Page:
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RCMP Staff Sergeant Kevin A. Baillie speaks to reporters outside the provincial RCMP headquarters in Charlottetown, P.E.I.Nathan Rochford/The Canadian Press

More than 19,000 students poured out of classes across Prince Edward Island on Wednesday after police received a fax from someone threatening to set off bombs at several public schools, and teachers and staff activated emergency evacuation plans.

Students were crying and hugging their parents when Linda Saunders arrived at Spring Park Elementary in Charlottetown to pick up her seven-year-old son Jackson, niece and nephew.

Police had asked parents to wait for further instructions before going to pick up their children, but many, like Ms. Saunders, headed straight to the schools, causing traffic backups.

"Given today's climate and things that you hear on the news every day, you still want to take it seriously, so naturally I was stressed and a little bit upset," Ms. Saunders said.

By lunchtime, RCMP spokesman Sergeant Kevin Baillie confirmed that the threat was found to be not credible. The RCMP notified the province's schools within 10 minutes of learning about the faxed threat, which was sent to the RCMP in Ottawa. More than 60 schools and the postsecondary institutions on Prince Edward Island were evacuated.

"When I arrived at the school it was very well organized, but there were a number of children upset and crying," Ms. Saunders said. "They didn't know where they were supposed to go, or that their parents would know where they were."

The school children were organized by class and loaded onto buses to be transported to safe locations.

Patricia Cole of Kensington, about 40 minutes outside Charlottetown, said she had some anxious moments on Wednesday morning as she texted her twin 14-year-old daughters, Ellen and Paxton. "One of my girls has mild cerebral palsy and I knew that she couldn't stand around too [long] or walk too far," Ms. Cole said.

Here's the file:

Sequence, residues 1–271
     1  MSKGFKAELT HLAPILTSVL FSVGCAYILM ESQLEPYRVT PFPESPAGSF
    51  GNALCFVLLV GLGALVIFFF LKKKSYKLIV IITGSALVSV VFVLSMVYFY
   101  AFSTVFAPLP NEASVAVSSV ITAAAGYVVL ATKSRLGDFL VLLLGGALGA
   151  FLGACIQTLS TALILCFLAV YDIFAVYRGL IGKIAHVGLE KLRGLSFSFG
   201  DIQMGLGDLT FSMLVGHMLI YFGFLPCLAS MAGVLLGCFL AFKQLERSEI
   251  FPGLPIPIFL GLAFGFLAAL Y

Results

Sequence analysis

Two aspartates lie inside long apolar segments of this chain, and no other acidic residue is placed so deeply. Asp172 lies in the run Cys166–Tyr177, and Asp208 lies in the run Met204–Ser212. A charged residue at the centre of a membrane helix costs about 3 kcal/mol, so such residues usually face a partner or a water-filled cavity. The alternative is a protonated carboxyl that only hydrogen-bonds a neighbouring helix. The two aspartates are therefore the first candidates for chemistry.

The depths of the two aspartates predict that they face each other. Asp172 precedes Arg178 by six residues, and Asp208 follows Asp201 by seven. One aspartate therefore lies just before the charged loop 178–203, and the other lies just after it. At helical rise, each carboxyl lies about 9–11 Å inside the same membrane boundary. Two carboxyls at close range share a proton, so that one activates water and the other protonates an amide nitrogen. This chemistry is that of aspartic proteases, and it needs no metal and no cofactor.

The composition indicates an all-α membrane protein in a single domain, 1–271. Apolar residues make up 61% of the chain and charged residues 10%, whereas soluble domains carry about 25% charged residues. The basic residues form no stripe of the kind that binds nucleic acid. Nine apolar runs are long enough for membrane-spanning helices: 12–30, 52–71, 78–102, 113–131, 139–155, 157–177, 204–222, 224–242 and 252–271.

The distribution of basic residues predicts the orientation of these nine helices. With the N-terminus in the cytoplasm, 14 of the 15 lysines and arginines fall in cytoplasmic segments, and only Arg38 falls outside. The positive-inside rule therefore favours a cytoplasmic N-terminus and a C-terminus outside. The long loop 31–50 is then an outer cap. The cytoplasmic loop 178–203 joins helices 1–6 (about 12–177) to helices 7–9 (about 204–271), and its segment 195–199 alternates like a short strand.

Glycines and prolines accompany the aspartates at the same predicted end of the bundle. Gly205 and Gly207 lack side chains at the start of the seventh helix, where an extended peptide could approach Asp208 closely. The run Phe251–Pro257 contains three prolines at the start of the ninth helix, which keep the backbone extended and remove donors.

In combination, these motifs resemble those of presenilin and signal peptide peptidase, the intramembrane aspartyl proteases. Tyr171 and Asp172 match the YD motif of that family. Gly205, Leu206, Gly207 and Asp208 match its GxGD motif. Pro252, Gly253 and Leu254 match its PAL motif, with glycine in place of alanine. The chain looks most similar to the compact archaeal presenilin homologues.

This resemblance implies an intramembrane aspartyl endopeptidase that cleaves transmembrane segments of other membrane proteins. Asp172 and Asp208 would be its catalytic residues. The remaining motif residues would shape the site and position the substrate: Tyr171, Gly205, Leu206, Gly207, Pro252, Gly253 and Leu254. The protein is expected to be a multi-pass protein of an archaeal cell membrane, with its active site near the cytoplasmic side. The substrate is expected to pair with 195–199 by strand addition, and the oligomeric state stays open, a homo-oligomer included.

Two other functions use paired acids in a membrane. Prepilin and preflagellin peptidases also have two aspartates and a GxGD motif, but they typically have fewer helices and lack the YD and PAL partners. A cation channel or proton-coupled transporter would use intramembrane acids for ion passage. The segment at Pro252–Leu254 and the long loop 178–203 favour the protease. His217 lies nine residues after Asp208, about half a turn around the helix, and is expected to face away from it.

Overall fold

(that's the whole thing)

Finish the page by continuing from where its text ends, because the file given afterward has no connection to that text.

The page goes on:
"You think, 'Gosh, could this happen – with all the things going on in all the different places in the world?' You think we're safe, but nobody is really 100 per cent safe."

Her daughter Ellen, a student at Kensington Intermediate Senior High, said her principal told students over the PA system the school was having an emergency fire drill and to go to the soccer field.

"We were a little anxious because it was a little weird they were evacuating every school," Ellen said.

At the elementary school across the road, Ellen said, some young children were in tears and crying out in panic for their older siblings.

RCMP has also said they are considering whether the fax is connected to threats against three schools in Nova Scotia. The Marconi Campus of Nova Scotia Community College in Cape Breton, NSCC's technology campus in Halifax and Cape Breton University were also evacuated because of threats.

Police searched all evacuated campuses in Nova Scotia, and the schools will reopen on Thursday.

In Halifax, Nayeema Lail's two-year-old daughter Adiva was in the NSCC daycare at the technology campus in Halifax when the fire alarm went off. Ms. Lail, a recent graduate, was in the library working on her laptop when she jumped up and left everything behind.

"I thought that it's the normal fire drill, so it's like a total shock for me to know it's a bomb threat at the IT campus," Ms. Lail said while picking up her daughter.

In PEI, police were asking teachers to be on the lookout for anything suspicious.

Late Wednesday, PEI Public Safety said all public schools would reopen on Thursday.

Police in Winnipeg said the Winnipeg School Division received a similar fax, although no schools were evacuated.

Constable Rob Carver said Winnipeg Police Service had been following the situation in PEI and Nova Scotia.

"Based on the similarities between the nature of our threat and the ones on the coast, we were leaning to the conclusion that the threat here was unfounded," he said.

With a report from The Canadian Press